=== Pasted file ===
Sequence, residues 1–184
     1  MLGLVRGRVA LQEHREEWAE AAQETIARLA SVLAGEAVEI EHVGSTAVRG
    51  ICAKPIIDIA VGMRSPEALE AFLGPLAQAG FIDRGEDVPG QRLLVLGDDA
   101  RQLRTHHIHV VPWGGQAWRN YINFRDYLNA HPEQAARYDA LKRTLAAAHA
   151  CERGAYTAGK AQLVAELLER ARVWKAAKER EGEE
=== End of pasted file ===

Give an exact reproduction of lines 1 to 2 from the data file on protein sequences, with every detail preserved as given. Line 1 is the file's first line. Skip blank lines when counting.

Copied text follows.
Sequence, residues 1–184
     1  MLGLVRGRVA LQEHREEWAE AAQETIARLA SVLAGEAVEI EHVGSTAVRG